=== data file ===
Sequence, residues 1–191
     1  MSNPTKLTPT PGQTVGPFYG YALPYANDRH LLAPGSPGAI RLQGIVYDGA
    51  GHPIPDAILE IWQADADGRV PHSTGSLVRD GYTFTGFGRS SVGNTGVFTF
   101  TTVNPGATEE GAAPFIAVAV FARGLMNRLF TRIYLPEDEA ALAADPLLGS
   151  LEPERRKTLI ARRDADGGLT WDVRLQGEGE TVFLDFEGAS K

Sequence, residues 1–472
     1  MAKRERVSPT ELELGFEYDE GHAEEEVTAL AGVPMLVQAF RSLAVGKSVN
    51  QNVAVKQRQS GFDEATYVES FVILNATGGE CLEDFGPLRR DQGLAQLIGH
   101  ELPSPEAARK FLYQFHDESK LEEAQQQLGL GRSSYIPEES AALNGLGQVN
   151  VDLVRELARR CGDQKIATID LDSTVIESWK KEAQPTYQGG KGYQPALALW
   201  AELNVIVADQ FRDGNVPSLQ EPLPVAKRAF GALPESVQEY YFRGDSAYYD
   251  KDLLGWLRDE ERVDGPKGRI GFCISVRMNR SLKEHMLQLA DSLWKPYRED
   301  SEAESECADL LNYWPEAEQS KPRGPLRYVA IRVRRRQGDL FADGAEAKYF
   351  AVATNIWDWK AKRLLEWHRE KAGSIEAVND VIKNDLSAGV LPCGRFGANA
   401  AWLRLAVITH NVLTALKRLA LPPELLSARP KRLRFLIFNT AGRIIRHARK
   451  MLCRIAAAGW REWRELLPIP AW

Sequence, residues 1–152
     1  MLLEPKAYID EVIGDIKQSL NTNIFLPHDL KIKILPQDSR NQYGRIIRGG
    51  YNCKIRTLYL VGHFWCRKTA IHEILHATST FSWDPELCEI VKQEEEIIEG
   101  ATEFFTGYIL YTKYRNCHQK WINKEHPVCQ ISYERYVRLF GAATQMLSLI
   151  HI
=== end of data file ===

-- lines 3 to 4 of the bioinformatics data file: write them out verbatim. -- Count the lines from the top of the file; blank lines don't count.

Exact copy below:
    51  GHPIPDAILE IWQADADGRV PHSTGSLVRD GYTFTGFGRS SVGNTGVFTF
   101  TTVNPGATEE GAAPFIAVAV FARGLMNRLF TRIYLPEDEA ALAADPLLGS